Splitter vs Subdivision?
Is a splitter better than a subdivision?
If you’re considering investing in property, you may have heard of two popular property investment strategies: splitter blocks and sub-division. While both strategies involve splitting a larger block of land into smaller ones, there are some key differences between them. In this blog, we’ll explore the pros and cons of each strategy, so you can decide which one is right for you.
Things to consider when looking at splitter blocks
- Development approval is not required for a splitter, but it is for a subdivision.
- Minimum lot sizes do not apply to a splitter, but they do to a subdivision.
- The existing dwelling on the property may be protected from demolition or not be in a suitable position.
- The size and shape of the existing lots cannot be changed.
- Lack of infrastructure services can be a hurdle for development plans.
- Finally, infrastructure charges should not apply to a splitter, but they do to a subdivision.
It’s crucial to understand these differences when considering whether to invest in “splitter” blocks or sub-divisions, as they can have significant implications on the development process and costs. It’s always advisable to seek professional advice and thoroughly research the specific circumstances of each investment opportunity before making any decisions.
Splitter blocks refer to the process of dividing a single property title with multiple existing lots into individual property titles, with the aim of selling each property lot separately. The advantage of this strategy is that it can increase the value of the land, as smaller blocks can be more desirable and easier to sell than larger ones. Splitter blocks are often desirable where there is a high demand for land, such as inner-city suburbs or coastal regions and most importantly, a splitter does not need to go through the process of a development application as the property is already subdivided.
- Increased value: By dividing a larger block of land into smaller ones, you can increase the value of the land overall.
- Flexibility: You can choose to sell each block separately or develop them yourself.
- Potentially lower development costs: Compared to sub-division, splitter blocks may have lower development costs, as they often require fewer approvals and infrastructure upgrades.
- Lower profit margins: While splitter blocks can increase the value of the land, the profit margins may be lower compared to sub-division, as you are only selling smaller blocks.
- Potential zoning and regulatory issues: Some areas may have zoning or regulatory restrictions that prevent you from subdividing the land.
Sub-division refers to the process of dividing a larger block of land on one lot and one property title into individual smaller lots, with the aim of developing each lot separately. The advantage of this strategy is that it can potentially yield higher profit margins, as you are able to develop each lot and sell them individually. A subdivision requires a Development Application for Reconfiguring a Lot, which can take time and involves anywhere up to around $10-12,000 worth of expense (not to mention additional holding costs).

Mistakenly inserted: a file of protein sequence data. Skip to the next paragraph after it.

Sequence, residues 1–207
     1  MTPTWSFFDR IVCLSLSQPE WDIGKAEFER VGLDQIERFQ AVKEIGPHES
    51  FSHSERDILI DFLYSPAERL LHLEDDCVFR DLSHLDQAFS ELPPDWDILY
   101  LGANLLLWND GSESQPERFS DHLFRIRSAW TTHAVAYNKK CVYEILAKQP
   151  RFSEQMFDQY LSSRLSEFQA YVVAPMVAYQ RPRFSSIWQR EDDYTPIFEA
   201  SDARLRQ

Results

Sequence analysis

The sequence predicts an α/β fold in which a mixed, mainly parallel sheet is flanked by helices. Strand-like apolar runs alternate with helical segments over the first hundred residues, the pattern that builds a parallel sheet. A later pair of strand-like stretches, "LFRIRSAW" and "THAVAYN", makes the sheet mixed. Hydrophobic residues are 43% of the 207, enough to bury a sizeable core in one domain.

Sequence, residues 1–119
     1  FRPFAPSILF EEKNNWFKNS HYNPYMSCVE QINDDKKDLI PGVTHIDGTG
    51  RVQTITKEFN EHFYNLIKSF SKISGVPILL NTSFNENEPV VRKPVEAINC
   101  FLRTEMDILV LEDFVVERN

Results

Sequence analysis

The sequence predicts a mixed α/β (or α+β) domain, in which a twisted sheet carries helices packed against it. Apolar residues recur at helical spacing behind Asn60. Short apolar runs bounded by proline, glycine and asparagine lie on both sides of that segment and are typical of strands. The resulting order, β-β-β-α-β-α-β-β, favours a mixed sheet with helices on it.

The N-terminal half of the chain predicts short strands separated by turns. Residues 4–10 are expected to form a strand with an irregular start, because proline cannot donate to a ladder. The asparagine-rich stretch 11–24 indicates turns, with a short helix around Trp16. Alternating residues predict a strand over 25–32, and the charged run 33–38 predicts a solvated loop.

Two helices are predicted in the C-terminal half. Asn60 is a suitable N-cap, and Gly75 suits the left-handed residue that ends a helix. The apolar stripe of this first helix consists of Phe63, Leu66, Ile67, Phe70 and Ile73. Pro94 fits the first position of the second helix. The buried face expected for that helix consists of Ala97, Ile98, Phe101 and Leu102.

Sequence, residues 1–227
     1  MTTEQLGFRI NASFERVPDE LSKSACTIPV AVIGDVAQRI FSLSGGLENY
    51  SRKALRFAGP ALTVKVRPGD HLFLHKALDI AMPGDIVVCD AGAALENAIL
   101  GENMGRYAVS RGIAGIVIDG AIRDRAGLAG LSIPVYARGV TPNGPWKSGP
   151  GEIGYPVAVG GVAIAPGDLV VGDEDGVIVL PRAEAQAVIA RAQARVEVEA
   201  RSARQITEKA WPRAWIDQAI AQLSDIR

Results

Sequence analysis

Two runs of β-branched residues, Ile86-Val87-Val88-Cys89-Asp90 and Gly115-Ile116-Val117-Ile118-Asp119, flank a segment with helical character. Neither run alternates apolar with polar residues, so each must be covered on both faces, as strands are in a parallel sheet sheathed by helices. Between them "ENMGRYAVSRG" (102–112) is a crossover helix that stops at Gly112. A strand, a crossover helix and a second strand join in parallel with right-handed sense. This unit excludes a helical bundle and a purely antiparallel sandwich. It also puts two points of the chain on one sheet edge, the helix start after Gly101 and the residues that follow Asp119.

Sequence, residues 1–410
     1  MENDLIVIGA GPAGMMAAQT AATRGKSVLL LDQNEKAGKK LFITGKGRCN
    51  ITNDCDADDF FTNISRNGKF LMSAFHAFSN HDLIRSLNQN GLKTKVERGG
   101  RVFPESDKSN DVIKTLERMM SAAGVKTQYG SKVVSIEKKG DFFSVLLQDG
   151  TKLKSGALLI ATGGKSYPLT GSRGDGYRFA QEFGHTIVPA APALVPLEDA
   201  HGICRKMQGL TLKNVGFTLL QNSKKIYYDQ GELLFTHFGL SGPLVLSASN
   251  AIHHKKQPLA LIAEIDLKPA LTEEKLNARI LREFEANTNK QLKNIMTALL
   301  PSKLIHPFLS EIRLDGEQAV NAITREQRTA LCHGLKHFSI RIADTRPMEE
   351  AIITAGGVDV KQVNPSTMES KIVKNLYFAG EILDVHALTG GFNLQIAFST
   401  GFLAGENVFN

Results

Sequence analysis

- Higher profit margins: Sub-division can potentially yield higher profit margins compared to splitter blocks, as you are developing and selling each lot separately.
- Increased housing supply: Sub-division can help to increase the supply of housing in an area, which can be beneficial for both investors and the wider community.
- Potential for rental income: If you choose to hold onto the properties, you can potentially earn rental income from each lot.
- Higher development costs: Sub-division can have higher development costs compared to splitter blocks, as it often requires more infrastructure upgrades and approvals.
- More complex process: Sub-division can be a more complex process compared to splitter blocks, as there are often more regulatory requirements and approvals needed.
Ultimately, the decision to pursue a splitter block or sub-division strategy will depend on your individual circumstances and goals. It’s important to do your research and seek professional advice before making any investment decisions. With the right approach, either strategy can be a lucrative investment opportunity.
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A development approval is not required for a splitter, but it is for a subdivision….
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